If you wish to participate, kindly register here: Webinar Registration

Applicants will be informed by 12th June 2020 about their confirmation status. Up to 200 participants will be accommodated on a first come first serve basis. We would appreciate anyone willing to share some best practices on CVA, kindly indicate in the registration form and up to 4 participants will be selected to share their experiences.

Webinar Moderator & Facilitator:

José Jódar is the Senior Technical Officer at CaLP and joined them in July 2019 after more than 12 years of work experience in multi-sectoral emergencies, livelihoods/food security and Cash & Vouchers Assistance programs with different organizations (mainly Spanish Agency for International Development Cooperation AECID, Spanish Red Cross/International Red Cross and Red Crescent Movement and Action Against Hunger) and in several contexts: Latin America, Sub-Saharan Africa and, lately, MENA region. José holds a PhD in International Cooperation and Development Studies (University of Murcia, Spain) and a Master’s degree in Africa Studies (major in African Politics) at School of Oriental and African Studies (SOAS, London). He has a wide range of experience in CVA design and implementation, technical advisory, capacity building and both technical and institutional coordination.


Regina “Nanette” Salvador-Antequisa is the founding Executive Director of the Ecosystems Work for Essential Benefits, Inc. (ECOWEB) in the Philippines and convenor of the Community Led Emergency Action Response Network (CLEARNet) in the Philippines that actively promotes survivor and community-led response (sclr) to crisis approach – a humanitarian-development-peace nexus advocacy in action. She has been involved with peace and development work for over 25 years and is engaged in local and national policy advocacy on the issues of disaster, poverty, conflict, environment and governance. Regina is currently the sectoral representative of the Victims of Disaster and Calamities sector to the government’s National Anti-Poverty Commission. She is actively involved in international advocacy on localization of humanitarian aid through her engagement with the global Alliance for Empowering Partnerships (A4EP), Charter4Change, Local to Global Protection and participation in the World Humanitarian Action Forum.

Sudhanshu S. Singh is a humanitarian and development professional with over 32 years of global experience in the sector. Sudhanshu is founder and CEO of Humanitarian Aid International (HAI) which aims to become the first Indian organisation, working globally with the Indian identity on poverty alleviation and disaster management. HAI is also currently hosting the international secretariat of Charter4Change.

Sudhanshu has worked with several international organisations at the Asia-Pacific level, and has been involved in managing responses to almost all major disasters in the Asia-Pacific region since 2001. He has been closely engaged with Agenda for Humanity, Grand Bargain and Charter for Change and was member of the steering group of World Humanitarian Action Forum (WHAF). Sudhanshu is also one of the founders and the international coordinator for Alliance for Empowering Partnerships (A4EP).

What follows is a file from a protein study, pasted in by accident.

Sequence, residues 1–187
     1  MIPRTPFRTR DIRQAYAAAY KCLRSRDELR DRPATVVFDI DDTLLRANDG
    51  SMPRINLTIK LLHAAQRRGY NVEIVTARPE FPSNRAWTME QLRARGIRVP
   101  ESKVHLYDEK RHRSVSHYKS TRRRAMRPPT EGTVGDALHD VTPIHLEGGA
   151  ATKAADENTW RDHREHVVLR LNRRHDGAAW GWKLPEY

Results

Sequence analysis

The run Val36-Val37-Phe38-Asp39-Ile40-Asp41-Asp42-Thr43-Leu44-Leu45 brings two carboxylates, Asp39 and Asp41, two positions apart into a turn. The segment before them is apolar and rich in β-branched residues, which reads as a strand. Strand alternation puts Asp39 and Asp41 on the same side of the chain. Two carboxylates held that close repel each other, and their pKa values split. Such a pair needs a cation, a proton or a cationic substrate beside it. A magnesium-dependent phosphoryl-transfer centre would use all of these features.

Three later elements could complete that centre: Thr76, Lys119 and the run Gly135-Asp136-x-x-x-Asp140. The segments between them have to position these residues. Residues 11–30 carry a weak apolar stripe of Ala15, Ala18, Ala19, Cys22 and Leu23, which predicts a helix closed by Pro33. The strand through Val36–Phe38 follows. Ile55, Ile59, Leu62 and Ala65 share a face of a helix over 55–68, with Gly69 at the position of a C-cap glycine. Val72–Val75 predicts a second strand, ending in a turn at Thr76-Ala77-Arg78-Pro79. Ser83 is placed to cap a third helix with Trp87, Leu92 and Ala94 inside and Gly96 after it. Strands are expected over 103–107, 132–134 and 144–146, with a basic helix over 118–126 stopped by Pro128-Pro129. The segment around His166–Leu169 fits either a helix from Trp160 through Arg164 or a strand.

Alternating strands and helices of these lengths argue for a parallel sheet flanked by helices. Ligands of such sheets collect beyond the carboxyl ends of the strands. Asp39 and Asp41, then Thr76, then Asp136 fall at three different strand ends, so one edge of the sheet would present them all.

When: June 11, 2020 
What time: 2:00 PM (Pakistan Standard Time)
Where: ZOOM – Link to be shared to registered participants
Language: English
How long: 90 minutes 
Who is it for: Humanitarian and development practitioners working in or with hard-to-reach areas, NGOs and INGOs involved in COVID19 response
Format: Panel Discussion – Multiple Speakers & Moderator
Speakers/Panelists: Ms. Qingrui Huang, Mr. Hafiz Amirrol and Ms. Dear NB SinandangModerator/Presenter: Mr. Takeshi Komino


COVID-19 pandemic presents unique challenges to the global humanitarian sector. Individuals, organizations as well as networks are all effected by this directly or indirectly.

There is a need to work together with governments, NGOs and other stakeholder to serve communities and complement the joint efforts in combating COVID-19.

Given the probability that the pandemic may last for an extended period, it is timely and imperative to discuss the behaviors, expertise and capacity both at individual and institutional level to facilitate humanitarian community in responding to the pandemic. The best possible way is to work together, build on the expertise of each other and jointly respond.

This webinar will bring together a panel of speakers with diverse backgrounds related to humanitarian and development affairs to discuss how the current COVID-19 experience impact the future of the humanitarian sector with reference to coordination. It will provide an opportunity to:

  • Explore coordination aspect in global and regional policy dialogue on humanitarian landscape in COVID-19 context (Global Humanitarian Response Plan, humanitarian financing, IASC guidelines on Localization)